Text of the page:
All around the house, it’s beginning to look a lot like Christmas. Although we Catholics are still technically celebrating the season of Advent, Christmas is right around the corner. Bill and I are throwing a party for some friends tonight. I haven’t had a Christmas party for anyone other than family in years. I’m pretty excited, so I decorated the house with almost everything I own. It’s been a blast to uncover all of my decorations and to pull growing bulbs from the greenhouse.
Want some drama in the summer garden? Why don’t you plant some lilies this year? You say you’re scared of lilies?
Though they look exotic, lilies are pretty easy to grow.
In Oklahoma, the genus Lilium is almost foolproof grown in sandy soil. If you have clay, amend it to the max with compost, or leaf mold, or some other soil amendments that break up clay. Or, you can dig out the clay and purchase at least eight inches of good soil to place on top of the nasty stuff. If you have sandy soil, just add compost or other organic matter for better drainage. Compost and other soil amendments make clay soil less glue-like and retain moisture in sandy soil so nutrients don’t wash away. It’s almost like magic.
We Oklahomans know all about nutrients, soil and mulch washing away this year, don’t we? Even my paths have washed out numerous times with our spring storms. Not that I’m complaining or anything. I would never complain about rain.
I am no expert on lily bulbs, but I grow a lot of them.
It works like this. In May, we have roses and peonies. Right after they finish, asiatic lilies start blooming. Asiatic lilies have smaller horizontal foliage stacked all the way up the stem, and they tend to be on the shorter side.
You’ll see a lot of asiatic lilies in full, glorious bloom at the box stores each May because they are short and easy to transport on large trucks. I saw some last week. Often they are orange or yellow, or sometimes, a dusty pink, but note that asiatic lilies can be exquisitely colored. The ones you see for sale were brought to full bloom in a wholesale greenhouse. By the time you buy them, the blooms won’t last more than a week or two. They may return next year if planted in the right place, but they are only party favor flowers this year.
Yes, I see your sad faces. I’m sad you bought those too. Consider this post your fair warning for next time.Don't buy anything in full flower at the garden nursery or the box stores. You'll often be disappointed. Click To Tweet
You could wait and buy these same lilies on the dollar rack after they bloom. Just kidding. Buying stuff on the $1.00 rack at the box store is like gambling at an Oklahoma casino. You may win big, but you may also lose your rent check. Unless you know what you’re doing, please avoid the $1.00 rack.
Instead, bite the bullet and order your bulbs from a reputable online nursery and pay for shipping.
You’ll receive your bulbs at the correct time for planting–often in October here–and you’ll start a beautiful bulb relationship that will last for years.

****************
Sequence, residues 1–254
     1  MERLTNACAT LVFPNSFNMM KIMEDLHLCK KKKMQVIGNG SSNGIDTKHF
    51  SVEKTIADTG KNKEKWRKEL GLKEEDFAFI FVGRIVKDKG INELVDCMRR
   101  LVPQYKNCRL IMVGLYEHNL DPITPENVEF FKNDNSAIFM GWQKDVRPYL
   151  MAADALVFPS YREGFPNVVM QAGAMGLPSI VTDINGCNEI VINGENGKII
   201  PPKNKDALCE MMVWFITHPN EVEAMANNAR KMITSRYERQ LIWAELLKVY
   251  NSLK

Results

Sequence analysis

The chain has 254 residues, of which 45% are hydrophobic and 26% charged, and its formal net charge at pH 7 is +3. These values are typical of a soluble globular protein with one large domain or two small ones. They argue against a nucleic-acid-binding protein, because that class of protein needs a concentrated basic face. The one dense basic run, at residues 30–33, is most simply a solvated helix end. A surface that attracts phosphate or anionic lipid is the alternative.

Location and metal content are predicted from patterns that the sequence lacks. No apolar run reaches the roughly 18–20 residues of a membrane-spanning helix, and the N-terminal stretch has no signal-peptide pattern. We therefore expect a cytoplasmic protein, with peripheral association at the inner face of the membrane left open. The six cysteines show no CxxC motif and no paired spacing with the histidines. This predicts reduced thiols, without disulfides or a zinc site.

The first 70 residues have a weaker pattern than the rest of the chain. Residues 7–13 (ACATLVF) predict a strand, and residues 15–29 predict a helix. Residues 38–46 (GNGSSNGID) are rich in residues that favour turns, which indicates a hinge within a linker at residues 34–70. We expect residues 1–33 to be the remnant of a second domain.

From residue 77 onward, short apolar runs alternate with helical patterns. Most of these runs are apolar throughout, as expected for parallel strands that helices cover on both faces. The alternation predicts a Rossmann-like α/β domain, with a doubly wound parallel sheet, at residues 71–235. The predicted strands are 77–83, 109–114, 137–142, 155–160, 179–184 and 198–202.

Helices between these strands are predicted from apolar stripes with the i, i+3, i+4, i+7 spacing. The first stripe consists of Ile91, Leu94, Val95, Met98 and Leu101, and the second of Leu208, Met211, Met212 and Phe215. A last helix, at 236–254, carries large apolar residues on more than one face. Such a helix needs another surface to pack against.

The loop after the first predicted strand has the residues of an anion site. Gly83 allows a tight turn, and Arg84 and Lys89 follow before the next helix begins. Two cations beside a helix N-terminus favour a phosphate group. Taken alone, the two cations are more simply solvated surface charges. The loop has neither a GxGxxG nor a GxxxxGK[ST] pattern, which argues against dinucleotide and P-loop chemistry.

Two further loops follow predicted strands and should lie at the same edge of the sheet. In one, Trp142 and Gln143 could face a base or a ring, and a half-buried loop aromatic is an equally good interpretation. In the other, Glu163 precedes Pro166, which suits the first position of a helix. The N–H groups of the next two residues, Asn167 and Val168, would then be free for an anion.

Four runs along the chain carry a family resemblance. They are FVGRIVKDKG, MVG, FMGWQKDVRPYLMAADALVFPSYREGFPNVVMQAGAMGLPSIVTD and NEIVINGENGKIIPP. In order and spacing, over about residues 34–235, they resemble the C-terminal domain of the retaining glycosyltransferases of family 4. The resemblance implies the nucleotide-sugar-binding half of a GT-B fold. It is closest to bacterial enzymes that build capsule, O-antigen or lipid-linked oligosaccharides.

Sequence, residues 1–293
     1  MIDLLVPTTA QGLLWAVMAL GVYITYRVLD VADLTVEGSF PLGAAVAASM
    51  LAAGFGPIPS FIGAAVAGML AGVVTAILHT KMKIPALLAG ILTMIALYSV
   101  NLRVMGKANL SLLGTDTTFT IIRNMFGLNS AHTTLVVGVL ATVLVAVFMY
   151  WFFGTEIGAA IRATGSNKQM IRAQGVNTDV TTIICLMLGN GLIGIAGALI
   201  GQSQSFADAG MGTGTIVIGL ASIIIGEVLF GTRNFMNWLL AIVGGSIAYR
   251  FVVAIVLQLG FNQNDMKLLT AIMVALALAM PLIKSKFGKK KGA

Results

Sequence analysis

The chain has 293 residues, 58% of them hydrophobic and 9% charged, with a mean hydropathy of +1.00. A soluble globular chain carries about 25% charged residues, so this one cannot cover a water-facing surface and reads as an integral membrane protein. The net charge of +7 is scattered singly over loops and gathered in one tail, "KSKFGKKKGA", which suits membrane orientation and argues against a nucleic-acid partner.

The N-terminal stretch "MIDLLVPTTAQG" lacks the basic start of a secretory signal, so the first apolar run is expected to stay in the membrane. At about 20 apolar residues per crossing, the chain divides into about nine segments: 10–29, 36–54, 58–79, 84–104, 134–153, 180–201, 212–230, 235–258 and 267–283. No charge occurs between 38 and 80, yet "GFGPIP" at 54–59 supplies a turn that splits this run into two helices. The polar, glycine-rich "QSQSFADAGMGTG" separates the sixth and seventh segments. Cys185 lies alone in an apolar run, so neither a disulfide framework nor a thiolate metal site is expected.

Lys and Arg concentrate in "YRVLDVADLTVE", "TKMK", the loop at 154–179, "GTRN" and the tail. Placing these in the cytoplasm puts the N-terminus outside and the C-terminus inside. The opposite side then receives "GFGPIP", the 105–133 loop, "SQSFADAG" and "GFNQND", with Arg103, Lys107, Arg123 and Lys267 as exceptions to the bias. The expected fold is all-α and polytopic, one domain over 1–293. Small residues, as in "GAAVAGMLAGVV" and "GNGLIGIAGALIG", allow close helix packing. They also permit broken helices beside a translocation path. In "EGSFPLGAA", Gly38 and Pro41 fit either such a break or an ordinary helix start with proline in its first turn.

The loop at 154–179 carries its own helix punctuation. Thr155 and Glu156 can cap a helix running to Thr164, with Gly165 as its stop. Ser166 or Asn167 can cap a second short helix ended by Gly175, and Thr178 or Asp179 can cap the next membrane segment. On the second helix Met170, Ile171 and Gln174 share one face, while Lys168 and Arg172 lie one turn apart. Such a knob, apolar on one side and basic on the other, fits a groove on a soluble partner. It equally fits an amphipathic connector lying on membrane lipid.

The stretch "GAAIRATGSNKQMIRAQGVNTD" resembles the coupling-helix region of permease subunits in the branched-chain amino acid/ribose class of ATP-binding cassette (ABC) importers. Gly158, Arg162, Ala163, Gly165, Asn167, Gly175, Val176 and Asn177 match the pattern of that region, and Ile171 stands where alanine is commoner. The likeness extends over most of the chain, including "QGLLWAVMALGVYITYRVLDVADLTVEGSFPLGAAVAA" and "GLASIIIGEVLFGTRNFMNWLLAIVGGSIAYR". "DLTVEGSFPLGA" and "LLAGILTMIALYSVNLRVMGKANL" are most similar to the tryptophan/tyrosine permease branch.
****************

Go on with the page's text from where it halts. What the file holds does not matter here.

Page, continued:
So where were we? Oh yes, the asiatics start. Then, come daylilies which aren’t lilies at all, but they do still have trumpet-shaped blooms. While the daylilies are often still blooming, the trumpet lilies and the interspecific hybrids begin their show, and what a show it is. There’s been a lot of breeding being done between species. Hybridizers are trying to get the best qualities of each. For example, the Orienpets or OT Hybrid lilies are the last blooming in my garden and among the strongest. They have wonderful fragrance along with really strong and tall stems. I have better luck with the Orienpets than with traditional Oriental lilies. Orienpets, like ‘Conca d’Or’–one of my favorites–, make quite the exclamation point in the July garden when little else is blooming. I buy most of my lilies from B&D Lilies, Brent & Becky’s Bulbs or Old House Gardens. My ‘Black Beauty’ lilies are from Old House Gardens. You can also find ‘Black Beauty’ from B&D Lilies. My ‘Kaveri’ lily was a gift from Longfield Gardens a couple of years ago.
Last year, I bought ‘Corsini,’ ‘Morini’ and ‘African Queen’ to add to my collection of lily bulbs. The first two are Orienpets, and the last is a trumpet strain. This year, I’ll get to see them bloom for the first time. I’m extremely excited. I grow most of my lilies along my garage in a border that faces east and gets morning sun, but I grow them in other parts of the garden too. Lilies are imbricate bulbs which have separate layers and should stay barely moist during shipment. In other words, lily bulbs are more delicate than say, a tulip or daffodil. You should plant your lily bulbs as soon as you receive them. Do not let them sit in your garage for a week or so, or they will rot, and you will be sad.
I don’t want you to be sad.
Plant lily bulbs in fertile, well-drained soil and your lilies will bloom the following year. If they are happy, they will grow bigger and better, often multiplying year after year. You can dig up and transplant the small plants as they come up in spring once you have an established stand of lilies. You can also give them away to your friends. Asiatic lilies really multiply if happy. You’ll have plenty to share in a few years.
The one culprit to lily joy is the scarlet lily beetle, but I’ve never seen the little creeps in Oklahoma. I hope they never come here either. We have enough problems without them.
I hope I’ve enticed you to grow a few lilies in your garden. It’s almost daylily season. I’ll do my best to allure you to these non-lily perennials too, but now, it’s the start of lily season, and my garden rejoices at each open bloom.
Plant lily bulbs and plant happiness. Drama too. It’s a win-win.